The United States has many regional wholesale electricity markets. Below we look at monthly and annual ranges of on-peak, daily wholesale prices at selected pricing locations and daily peak demand for selected electricity systems in the Nation. The range of daily prices and demand data is shown for the report month and for the year ending with the report month.
Prices and demand are shown for six Regional Transmission Operator (RTO) markets: ISO New England (ISO-NE), New York ISO (NYISO), PJM Interconnection (PJM), Midwest ISO (MISO), Electric Reliability Council of Texas (ERCOT), and two locations in the California ISO (CAISO). Also shown are wholesale prices at trading hubs in Louisiana (into Entergy), Southwest (Palo Verde) and Northwest (Mid-Columbia). In addition to the RTO systems, peak demand is also shown for the Southern Company, Progress Florida, Tucson Electric, and the Bonneville Power Authority (BPA). Refer to the map tabs for the locations of the electricity and natural gas pricing hubs and the electric systems for which peak demand ranges are shown.
In the second tab immediately below, we show monthly and annual ranges of on-peak, daily wholesale natural gas prices at selected pricing locations in the United States. The range of daily natural gas prices is shown for the same month and year as the electricity price range chart. Wholesale electricity prices are closely tied to wholesale natural gas prices in all but the center of the country. Therefore, one can often explain current wholesale electricity prices by looking at what is happening with natural gas prices.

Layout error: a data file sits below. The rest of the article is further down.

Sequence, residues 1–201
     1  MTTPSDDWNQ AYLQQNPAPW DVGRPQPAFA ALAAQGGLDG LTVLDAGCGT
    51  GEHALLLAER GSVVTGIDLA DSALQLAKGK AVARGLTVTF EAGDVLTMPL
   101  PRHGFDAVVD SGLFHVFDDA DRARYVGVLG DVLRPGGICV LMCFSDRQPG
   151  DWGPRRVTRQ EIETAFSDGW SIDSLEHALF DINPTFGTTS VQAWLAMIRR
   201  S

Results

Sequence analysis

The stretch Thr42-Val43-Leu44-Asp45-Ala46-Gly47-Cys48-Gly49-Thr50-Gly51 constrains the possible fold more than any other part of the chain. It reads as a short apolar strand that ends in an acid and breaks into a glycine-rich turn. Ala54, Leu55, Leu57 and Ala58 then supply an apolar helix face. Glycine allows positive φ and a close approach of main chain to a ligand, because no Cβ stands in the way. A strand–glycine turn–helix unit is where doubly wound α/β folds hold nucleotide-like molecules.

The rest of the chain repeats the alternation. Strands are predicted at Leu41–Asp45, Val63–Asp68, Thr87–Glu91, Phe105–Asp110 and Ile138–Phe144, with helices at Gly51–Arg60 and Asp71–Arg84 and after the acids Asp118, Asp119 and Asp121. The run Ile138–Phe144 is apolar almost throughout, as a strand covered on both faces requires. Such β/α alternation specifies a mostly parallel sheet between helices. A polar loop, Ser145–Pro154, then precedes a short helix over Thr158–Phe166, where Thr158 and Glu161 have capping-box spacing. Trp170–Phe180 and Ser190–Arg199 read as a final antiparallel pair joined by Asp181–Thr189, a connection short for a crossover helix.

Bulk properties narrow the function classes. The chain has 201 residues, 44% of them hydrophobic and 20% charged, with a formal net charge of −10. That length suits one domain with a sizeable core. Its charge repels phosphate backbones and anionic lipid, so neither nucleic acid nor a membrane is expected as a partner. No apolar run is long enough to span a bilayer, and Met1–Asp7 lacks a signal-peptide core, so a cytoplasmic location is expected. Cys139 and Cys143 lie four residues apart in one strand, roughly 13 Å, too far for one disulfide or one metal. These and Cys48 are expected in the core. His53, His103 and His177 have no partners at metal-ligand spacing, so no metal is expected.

Wholesale electricity and natural gas prices remained low in May, with all selected trading hubs at or near the low end of their respective 12-month price range. Wholesale electricity prices hit new 12-month lows of $14.40/MWh in New England (ISONE), $14.13/MWh in New York City (NYISO), $15.48/MWh in the Mid-Atlantic (PJM), $2.75/MWh in the Southwest (Palo Verde), $7.39/MWh in Southern California (CAISO), $7.80/MWh in Northern California (CAISO), and $-0.13/MWh in the Northwest (Mid-C). Negative power prices in the Northwest are not all that uncommon during the spring as mild weather and surging hydroelectric output, sometimes also coupled with high wind generation, can depress prices dramatically in this region. The highest recorded price during the month was only $69/MWh in Texas (ERCOT), just a fraction of the $975/MWh 12-month high in that region. Wholesale natural gas prices hit a new 12-month low in New England (Algonquin) at $1.06/MMBtu and stayed below $2/MMBtu at all selected hubs except Northern California (PG&E Citygate), which reached $2.95/MMBtu on May 6. Prices at the Henry Hub in Louisiana stayed in a low and tight range of $1.56-$1.92/MMBtu during the month.
Electricity system peak demand levels that were extremely low in much of the country throughout April fell even further on many systems in May. Below, to greatly-below, average temperatures in nearly every state east of the Rockies meant mild temperatures and less air-conditioning demand. New 12-month low daily peak demand levels were set in New York State (NYISO) and the Mid-Atlantic (PJM) on May 2, in the Midwest (MISO) and Southern Company on May 9, and in New England (ISONE) on May 24. The relative highest daily peak demand occurred in Texas (ERCOT) and on the Tucson Electric systems. This is probably no surprise and a result of the fifth hottest May on record in Arizona and much-above-average temperatures in Texas during the month that drove an increase in air-conditioning demand in these regions.